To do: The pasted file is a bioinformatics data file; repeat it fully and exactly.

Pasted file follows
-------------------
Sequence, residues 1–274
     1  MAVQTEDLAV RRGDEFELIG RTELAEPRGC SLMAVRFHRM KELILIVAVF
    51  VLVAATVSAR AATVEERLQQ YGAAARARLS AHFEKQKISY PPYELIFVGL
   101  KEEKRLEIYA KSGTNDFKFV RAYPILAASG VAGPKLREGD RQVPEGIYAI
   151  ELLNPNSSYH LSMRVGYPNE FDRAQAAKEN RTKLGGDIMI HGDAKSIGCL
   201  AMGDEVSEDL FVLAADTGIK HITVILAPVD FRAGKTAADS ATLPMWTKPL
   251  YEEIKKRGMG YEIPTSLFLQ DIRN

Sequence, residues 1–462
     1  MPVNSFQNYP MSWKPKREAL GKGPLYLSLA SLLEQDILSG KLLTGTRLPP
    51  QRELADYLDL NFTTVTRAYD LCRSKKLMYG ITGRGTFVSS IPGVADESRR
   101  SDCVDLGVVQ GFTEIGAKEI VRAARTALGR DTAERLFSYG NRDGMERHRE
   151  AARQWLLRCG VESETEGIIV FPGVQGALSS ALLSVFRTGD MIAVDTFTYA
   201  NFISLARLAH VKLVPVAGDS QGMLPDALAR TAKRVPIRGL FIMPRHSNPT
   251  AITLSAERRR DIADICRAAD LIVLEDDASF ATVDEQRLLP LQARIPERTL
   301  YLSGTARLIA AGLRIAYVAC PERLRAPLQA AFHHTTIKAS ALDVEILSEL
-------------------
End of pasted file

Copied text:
Sequence, residues 1–274
     1  MAVQTEDLAV RRGDEFELIG RTELAEPRGC SLMAVRFHRM KELILIVAVF
    51  VLVAATVSAR AATVEERLQQ YGAAARARLS AHFEKQKISY PPYELIFVGL
   101  KEEKRLEIYA KSGTNDFKFV RAYPILAASG VAGPKLREGD RQVPEGIYAI
   151  ELLNPNSSYH LSMRVGYPNE FDRAQAAKEN RTKLGGDIMI HGDAKSIGCL
   201  AMGDEVSEDL FVLAADTGIK HITVILAPVD FRAGKTAADS ATLPMWTKPL
   251  YEEIKKRGMG YEIPTSLFLQ DIRN

Sequence, residues 1–462
     1  MPVNSFQNYP MSWKPKREAL GKGPLYLSLA SLLEQDILSG KLLTGTRLPP
    51  QRELADYLDL NFTTVTRAYD LCRSKKLMYG ITGRGTFVSS IPGVADESRR
   101  SDCVDLGVVQ GFTEIGAKEI VRAARTALGR DTAERLFSYG NRDGMERHRE
   151  AARQWLLRCG VESETEGIIV FPGVQGALSS ALLSVFRTGD MIAVDTFTYA
   201  NFISLARLAH VKLVPVAGDS QGMLPDALAR TAKRVPIRGL FIMPRHSNPT
   251  AITLSAERRR DIADICRAAD LIVLEDDASF ATVDEQRLLP LQARIPERTL
   301  YLSGTARLIA AGLRIAYVAC PERLRAPLQA AFHHTTIKAS ALDVEILSEL